On Fri, Apr 5, 2013 at 10:32 PM, Wins Lin <lists / ruby-forum.com> wrote:

> I have a code:
>
> module Foo
>   class Config
>     attr_reader :config
>
>     def initialize
>       @config = {}  <-- standard hash
>     end
>
>     def <<(key, val)   <-- I want to implement "<<" sign as a method
> name
>

That does not work.  You can only pass in one value (see below).

For your use case better implement []= operator.


>       n_hash = {key => val}
>       if (@config.merge!(n_hash))
>         return true
>       else
>         return false
>       end
>

That's quite a complicated way to convert a boolean (result of #merge!)
into a boolean.  The whole if else end construction is superfluous.  And it
won't work, too, because Hash#merge! always returns self.

irb(main):001:0> h={}
=> {}
irb(main):002:0> h.merge! 1=>2
=> {1=>2}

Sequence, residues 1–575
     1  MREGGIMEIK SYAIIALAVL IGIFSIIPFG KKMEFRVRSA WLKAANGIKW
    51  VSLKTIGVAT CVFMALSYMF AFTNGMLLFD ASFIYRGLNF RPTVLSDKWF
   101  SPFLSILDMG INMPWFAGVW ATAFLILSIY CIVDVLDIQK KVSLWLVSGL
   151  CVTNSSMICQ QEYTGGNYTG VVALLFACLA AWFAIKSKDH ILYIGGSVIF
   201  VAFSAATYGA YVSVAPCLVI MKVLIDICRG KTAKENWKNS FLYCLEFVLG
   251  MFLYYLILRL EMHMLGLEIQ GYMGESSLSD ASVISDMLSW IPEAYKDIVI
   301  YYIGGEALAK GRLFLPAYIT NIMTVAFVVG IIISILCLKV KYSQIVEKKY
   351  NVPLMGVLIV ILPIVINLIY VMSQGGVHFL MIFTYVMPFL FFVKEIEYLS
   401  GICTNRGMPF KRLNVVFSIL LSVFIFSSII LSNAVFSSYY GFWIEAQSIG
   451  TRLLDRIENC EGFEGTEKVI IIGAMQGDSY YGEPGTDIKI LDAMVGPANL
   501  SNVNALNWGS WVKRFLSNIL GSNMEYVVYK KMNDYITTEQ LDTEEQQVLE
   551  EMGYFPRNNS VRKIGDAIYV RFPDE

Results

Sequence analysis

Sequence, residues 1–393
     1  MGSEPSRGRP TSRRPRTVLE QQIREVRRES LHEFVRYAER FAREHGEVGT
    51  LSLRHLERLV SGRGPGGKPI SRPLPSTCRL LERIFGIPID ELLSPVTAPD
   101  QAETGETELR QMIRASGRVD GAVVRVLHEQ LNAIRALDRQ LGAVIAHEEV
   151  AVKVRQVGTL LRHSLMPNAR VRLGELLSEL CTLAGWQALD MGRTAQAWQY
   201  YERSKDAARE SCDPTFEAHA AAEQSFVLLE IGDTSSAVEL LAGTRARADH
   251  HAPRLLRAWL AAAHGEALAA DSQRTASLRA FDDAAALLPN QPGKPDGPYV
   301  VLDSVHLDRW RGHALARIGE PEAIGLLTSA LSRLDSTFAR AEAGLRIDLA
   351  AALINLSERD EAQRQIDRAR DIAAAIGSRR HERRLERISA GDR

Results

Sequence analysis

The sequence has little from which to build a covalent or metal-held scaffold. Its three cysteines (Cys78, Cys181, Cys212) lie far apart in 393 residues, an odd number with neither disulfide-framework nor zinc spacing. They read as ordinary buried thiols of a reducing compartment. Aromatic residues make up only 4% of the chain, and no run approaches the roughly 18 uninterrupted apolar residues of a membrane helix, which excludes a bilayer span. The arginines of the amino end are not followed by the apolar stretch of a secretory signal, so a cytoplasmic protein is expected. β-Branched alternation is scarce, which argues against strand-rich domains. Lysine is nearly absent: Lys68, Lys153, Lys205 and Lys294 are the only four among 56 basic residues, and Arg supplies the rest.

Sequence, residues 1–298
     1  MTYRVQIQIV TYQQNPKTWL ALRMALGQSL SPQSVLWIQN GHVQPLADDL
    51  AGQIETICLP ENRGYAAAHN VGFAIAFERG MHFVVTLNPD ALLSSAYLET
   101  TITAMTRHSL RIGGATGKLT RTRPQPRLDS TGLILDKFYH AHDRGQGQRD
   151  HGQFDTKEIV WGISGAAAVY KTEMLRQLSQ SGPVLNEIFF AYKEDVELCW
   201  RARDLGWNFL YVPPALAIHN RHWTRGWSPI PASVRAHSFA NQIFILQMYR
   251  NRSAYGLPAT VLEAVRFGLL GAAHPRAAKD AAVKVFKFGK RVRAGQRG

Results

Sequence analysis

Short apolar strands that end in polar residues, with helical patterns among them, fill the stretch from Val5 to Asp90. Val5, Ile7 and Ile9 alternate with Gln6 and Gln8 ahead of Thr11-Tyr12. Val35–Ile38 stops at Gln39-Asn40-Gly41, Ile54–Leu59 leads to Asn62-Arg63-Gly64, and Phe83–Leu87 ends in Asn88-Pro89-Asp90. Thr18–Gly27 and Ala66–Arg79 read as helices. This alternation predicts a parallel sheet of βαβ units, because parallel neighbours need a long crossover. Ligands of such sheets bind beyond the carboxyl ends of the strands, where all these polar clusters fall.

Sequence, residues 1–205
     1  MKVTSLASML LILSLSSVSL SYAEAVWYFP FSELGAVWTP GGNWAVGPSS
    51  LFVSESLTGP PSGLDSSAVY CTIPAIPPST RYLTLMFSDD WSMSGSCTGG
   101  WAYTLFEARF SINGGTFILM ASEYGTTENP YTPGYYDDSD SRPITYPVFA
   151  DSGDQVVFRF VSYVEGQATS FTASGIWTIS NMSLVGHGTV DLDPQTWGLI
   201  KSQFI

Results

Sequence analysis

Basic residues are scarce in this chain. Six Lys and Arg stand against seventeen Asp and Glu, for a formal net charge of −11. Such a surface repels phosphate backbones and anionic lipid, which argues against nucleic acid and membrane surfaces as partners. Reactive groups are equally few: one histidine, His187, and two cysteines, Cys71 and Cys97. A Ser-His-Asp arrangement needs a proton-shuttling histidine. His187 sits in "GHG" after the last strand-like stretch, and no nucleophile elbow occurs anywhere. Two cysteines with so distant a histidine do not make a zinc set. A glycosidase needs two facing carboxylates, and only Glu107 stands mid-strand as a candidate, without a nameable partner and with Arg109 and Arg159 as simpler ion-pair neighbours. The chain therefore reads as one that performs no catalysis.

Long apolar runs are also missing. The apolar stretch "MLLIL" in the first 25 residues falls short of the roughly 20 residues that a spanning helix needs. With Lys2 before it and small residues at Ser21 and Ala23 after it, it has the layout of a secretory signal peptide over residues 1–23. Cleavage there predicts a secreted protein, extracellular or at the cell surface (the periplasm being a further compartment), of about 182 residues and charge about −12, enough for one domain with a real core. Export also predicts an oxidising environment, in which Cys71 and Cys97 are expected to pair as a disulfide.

irb(main):003:0> h.merge! 1=>2
=> {1=>2}
irb(main):004:0> h.merge!({})
=> {1=>2}



>     end
>
>   end
> end
>
>
>
> Now I call it:
>
> c = Foo::Config.new
>
> c << "name", "value"   <- This doesn't work. ...syntax error, unexpected
> ',', expecting ')'
>
> c.<<("name", "value")  <- this works. But it's ridiculous such a call in
> Ruby.
>
> Why
> c << "name", "value"
> doesn't work?


Because << is a binary operator: arg1 op arg2 - that's the way code is
parsed, i.e. it's defined in the syntax.  With the parentheses you made it
an explicit method call, which works.

Kind regards

robert

-- 
remember.guy do |as, often| as.you_can - without end
http://blog.rubybestpractices.com/